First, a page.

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Is the glass half empty or half full? The 2012 Silk Route reaches the mid point of its journey.
When taking on a trip on the scale of the Silk Route you learn to pay less and less attention to distances and time. It is near impossible to get your mind to understand that you are setting off on a 12000km, four and a half month journey and you soon realise it is better to simply focus on the present day. Take it one day at a time, 100km at a time and before you know it you’ll be at the end of your journey.
However, large milestones do carry a certain psychological significance and when the Silk Route participants recently were told they are halfway with their trans-Asian journey there was a certain sense of accomplishment in the air. It has been a tough but satisfying two months for all participants and as they are set to cross a border almost every two weeks until they get to Turkey there are several milestones to be checked off in the next two months.
Traveling from Shanghai to the western border of China was challenging to say the least. Two months in one country, stretches of highway that go on for thousands of kilometers polluted by big trucks, coal dust and millions of cars, motorbikes, scooters and bicycles, soaring temperatures and deserts were just some of the things riders had to contend with for the first half of their tour. It wasn’t all doom and gloom though and the joys of cheap and tasty Chinese food, chicken nuggets from Deko’s and KTV’s made up for the hardships they had to endure.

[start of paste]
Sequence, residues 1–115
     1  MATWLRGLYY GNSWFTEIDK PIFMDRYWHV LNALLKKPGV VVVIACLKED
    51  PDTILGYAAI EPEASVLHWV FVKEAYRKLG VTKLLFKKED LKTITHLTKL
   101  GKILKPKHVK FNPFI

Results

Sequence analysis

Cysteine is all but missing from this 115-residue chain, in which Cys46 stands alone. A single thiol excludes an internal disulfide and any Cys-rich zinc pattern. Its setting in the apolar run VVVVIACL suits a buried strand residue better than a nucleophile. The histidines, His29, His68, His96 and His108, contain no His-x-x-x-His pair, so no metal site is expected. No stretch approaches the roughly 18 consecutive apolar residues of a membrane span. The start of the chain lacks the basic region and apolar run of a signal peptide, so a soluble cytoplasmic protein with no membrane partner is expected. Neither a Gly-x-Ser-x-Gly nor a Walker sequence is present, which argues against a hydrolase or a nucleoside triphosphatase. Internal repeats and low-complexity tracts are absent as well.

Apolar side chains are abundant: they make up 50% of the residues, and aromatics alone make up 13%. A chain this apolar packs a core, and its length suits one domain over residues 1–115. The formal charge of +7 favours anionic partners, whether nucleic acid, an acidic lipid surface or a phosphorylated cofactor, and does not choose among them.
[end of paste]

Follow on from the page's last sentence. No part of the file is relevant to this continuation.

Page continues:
After leaving China though they were thrown into a world without chicken nuggets… much more remote and spectacularly beautiful. No-one was expecting to arrive in the Alps the moment they crossed the border into Kyrgyzstan but that was exactly how it felt when they started climbing toward the Pamir Mountains upon arrival. Three days in this beautiful country just wasn’t enough and the beautiful scenery and hospitality of the people are sure to have several of them return one day and see more.
The scenery on the Tajikistan side of the border was once again different as they went from green, grass fields to stony mountains but the weather didn’t change. It had been freezing since Kyrgyzstan and waking up to have the water in their bottles frozen and remnants of snow on their tents became an all too familiar sight. The highest camp was at 4200m above sea level and they climbed to 4600m that day with high hopes of descending quickly and reaching warmer places. The cycling, though challenging, have been spectacular with views reaching into eternity the one moment and majestic mountains surrounding riders the next.
As temperatures start rising participants are looking forward to completing the second half of their journey. Legs are strong, spirits are high and borders are waiting to be crossed. Yes it has been a challenging two months and the next two months will be no easier but it’s only a matter of time before everyone gets to enjoy a thorough scrubbing from a Turkish local at a bath house in Istanbul.
— Catharina Robbertze
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